PIERRE PART — On an idyllic Saturday morning on the calm waters of Lake Verret, a fishing boat ripped across the waves as James Edwards tried to feed Kaitlynn Blackledge’s urgent need for speed.
Edwards tried to convince Blackledge, a 15-year-old Petal, Mississippi, native with Down syndrome, to fish, but after catching one small fish early in the day, she wanted to go fast and see alligators.
So that’s what they did as Blackledge would tap Edwards’ leg and say “fast.”
“We went fast a lot, and she had a blast,” Bonnie Blackledge, Kaitlynn’s mother, said after setting foot back on dry land. They also saw three gators.
The Blackledges made the 31/2-hour trek to Pierre Part along with about a dozen other area families from south Louisiana and Mississippi for an unusual event Saturday. It paired local and professional anglers for a morning on the lake with special needs children, some of whom were baiting a hook and casting for the first time.
The event was organized by Renee and Kevin Rivault, of Lafayette, with help from Fishers of Men and the United Special Sportsman Alliance, a group that sponsors hunting and fishing trips with special needs and critically ill children, as well as wounded veterans.
Several local businesses and Pierre Part residents also volunteered and donated items so the Rivaults did not have to spend a dime of the money they saved up for the event. Each participant received a bag filled with items donated by businesses, including hats and a signed photo from Troy Landry, of “Swamp People,” a cookbook from Tony Chachere’s and fishing lures and hooks.
“We’re here to give them a memory they’re not going to forget,” said Winston Michel, a state Wildlife and Fisheries agent and competitive fisherman.
He hooked friends from the fishing tour — some of whom took a day off work — into giving their time and talents on Saturday. Michel’s brother-in-law, Scott Hebert, was one of the locals Michel asked to volunteer Saturday.
“I love seeing kids happy, love showing kids how to fish,” Hebert said after returning with William Stevenson and his son Matt. “I like the kids’ faces when they catch a nice fish.”
On the freshwater lake where anglers can catch bream, catfish and bass, pickup trucks began lining up at the boat launch on South Bay Road, across from Bayside Launch and Tackle, around 7 a.m. as eager families waited for the event to get underway.
A priest came out to bless the fleet, then the boats were off with 13 special needs children and seven of their siblings.
Kevin Rivault said one of the things that drew them to USSA was that they invite the rest of the family to take part in the event, not just the special needs child.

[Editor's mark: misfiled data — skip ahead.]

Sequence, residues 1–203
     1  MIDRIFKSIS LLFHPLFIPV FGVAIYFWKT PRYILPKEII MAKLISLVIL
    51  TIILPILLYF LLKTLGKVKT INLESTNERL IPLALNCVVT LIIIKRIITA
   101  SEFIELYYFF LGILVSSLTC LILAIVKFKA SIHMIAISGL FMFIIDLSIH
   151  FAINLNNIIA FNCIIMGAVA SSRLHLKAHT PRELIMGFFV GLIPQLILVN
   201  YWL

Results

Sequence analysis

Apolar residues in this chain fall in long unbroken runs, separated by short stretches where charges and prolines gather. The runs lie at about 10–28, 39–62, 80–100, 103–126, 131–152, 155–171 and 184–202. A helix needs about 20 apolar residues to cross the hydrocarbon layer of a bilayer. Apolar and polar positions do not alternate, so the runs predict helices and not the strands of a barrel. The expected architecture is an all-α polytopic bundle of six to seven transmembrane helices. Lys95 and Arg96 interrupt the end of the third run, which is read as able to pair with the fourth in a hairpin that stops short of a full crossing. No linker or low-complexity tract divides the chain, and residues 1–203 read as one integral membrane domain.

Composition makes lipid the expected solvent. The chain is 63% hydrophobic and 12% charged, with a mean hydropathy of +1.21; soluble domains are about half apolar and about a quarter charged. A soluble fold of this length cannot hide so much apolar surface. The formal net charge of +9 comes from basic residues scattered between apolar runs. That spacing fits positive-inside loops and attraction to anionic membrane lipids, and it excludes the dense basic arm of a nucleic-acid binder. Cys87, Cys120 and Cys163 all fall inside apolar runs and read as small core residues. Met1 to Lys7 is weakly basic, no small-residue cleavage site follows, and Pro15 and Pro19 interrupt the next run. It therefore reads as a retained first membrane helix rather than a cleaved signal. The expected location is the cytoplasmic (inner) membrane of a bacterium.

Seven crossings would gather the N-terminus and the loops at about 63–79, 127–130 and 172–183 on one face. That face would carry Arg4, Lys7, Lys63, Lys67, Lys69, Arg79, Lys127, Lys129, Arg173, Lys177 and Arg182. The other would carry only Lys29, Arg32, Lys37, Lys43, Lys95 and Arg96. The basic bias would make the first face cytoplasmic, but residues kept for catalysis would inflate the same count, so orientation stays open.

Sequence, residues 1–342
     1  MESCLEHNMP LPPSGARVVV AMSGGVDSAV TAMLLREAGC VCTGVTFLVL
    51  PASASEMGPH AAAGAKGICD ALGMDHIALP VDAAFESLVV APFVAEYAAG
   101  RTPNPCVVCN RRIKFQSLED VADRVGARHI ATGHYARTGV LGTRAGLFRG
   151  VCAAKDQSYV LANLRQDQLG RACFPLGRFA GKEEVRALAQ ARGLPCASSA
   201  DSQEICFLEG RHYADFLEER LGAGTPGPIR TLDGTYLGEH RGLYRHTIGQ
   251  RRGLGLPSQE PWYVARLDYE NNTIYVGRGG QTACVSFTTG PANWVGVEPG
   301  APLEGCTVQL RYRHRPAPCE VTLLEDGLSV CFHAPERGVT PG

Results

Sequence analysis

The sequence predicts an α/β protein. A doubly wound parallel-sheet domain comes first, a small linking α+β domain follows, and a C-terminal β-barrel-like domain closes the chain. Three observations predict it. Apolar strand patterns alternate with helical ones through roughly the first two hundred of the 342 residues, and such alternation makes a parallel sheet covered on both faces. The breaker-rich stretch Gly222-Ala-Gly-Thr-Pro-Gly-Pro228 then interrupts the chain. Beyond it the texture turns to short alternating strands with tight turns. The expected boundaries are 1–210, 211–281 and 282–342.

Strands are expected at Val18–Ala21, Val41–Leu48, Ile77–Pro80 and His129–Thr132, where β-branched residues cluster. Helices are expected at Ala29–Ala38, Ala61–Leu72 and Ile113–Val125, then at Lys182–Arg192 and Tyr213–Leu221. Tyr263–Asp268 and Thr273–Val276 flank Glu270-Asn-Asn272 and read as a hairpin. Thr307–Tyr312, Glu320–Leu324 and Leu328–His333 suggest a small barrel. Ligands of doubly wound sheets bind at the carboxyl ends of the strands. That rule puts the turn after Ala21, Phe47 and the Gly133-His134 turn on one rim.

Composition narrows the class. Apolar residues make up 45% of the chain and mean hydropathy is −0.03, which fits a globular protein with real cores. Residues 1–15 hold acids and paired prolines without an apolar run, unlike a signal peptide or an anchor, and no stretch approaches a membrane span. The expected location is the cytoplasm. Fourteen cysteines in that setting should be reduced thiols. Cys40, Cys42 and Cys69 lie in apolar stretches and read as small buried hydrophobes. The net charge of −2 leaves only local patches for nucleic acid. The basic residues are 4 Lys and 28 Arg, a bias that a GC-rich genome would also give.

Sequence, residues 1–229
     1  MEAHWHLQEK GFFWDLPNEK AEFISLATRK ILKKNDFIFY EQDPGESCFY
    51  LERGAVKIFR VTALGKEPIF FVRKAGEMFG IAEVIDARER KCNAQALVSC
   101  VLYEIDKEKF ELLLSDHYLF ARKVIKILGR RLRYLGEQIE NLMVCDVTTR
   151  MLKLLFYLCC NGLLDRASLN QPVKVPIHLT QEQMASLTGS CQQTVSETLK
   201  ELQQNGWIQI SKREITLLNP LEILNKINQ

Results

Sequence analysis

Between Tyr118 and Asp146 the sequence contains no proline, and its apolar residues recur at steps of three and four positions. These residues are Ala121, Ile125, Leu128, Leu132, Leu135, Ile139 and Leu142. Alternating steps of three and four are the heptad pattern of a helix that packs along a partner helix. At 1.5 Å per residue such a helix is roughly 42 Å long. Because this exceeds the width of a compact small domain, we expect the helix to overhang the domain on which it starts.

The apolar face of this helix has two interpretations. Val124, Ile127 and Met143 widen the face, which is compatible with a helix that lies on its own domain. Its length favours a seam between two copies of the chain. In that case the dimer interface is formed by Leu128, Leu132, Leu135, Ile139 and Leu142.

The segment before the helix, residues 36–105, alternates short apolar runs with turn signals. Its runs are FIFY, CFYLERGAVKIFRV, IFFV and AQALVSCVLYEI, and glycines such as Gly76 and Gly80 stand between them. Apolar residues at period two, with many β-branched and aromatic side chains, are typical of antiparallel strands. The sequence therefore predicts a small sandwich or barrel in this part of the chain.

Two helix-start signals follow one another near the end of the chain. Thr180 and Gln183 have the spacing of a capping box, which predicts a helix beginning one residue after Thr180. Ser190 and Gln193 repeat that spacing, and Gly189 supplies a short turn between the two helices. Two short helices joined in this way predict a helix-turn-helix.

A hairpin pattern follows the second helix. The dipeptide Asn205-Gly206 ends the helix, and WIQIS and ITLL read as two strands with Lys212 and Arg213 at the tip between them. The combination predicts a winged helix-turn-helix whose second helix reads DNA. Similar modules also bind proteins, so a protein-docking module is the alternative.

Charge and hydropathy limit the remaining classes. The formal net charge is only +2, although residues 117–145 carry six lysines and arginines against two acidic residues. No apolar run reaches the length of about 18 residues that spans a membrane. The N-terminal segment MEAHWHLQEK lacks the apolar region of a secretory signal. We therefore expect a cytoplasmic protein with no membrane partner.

Many fishermen stuck to the wooded areas along the outer perimeter of the lake, some with more success than others.
One boy, Ethan Champagne, 12, from Denham Springs, decided to stay on land and fished from the dock under the watchful eye of his mother, while his younger brother Matthew Champagne got some tips from husband and wife fishing duo Jim and Cindy Breaux.
“He’s in charge,” Cindy Breaux said, pointing to Matthew, who was a casting machine under the tutelage of the professional anglers.
Rita Champagne, Ethan’s and Matthew’s mother, said they were so excited when they got the call from the USSA about the event because both boys like to fish and they could do so in an environment created specifically for special needs children like themselves.
Both have Fragile X Syndrome, a disability that affects one in every 5,000 boys, according to the Centers for Disease Control and Prevention.
“Our kids don’t get to do a lot of stuff that typical kids get to do, so it’s a great opportunity,” Rita Champagne said. “I think what makes it so easy is the acceptance. These people have been amazing. They’ve been very patient.”
The Rivaults held the event in honor of their son Austin Rivault, 15, who was shot and killed on Feb. 10, 2013, in an incident that is being pursued in civil and criminal courts.
Austin Rivault was an avid hunter and fisherman who enjoyed watching and reading about the outdoors, so the family decided to hold the fishing charity event in his name as a way to honor his memory.
Austin Rivault and his father would often load up their boat and drive from Lafayette early in the morning to False River or Lake Verret for a day on the water together.
Renee Rivault said while Saturday’s event was bittersweet because it stirred up some emotions about her son’s death, the event was a “good thing to come out of a tragedy.”
She said they are looking to make the event an annual one, but they may move it to later in the fall when the weather is cooler.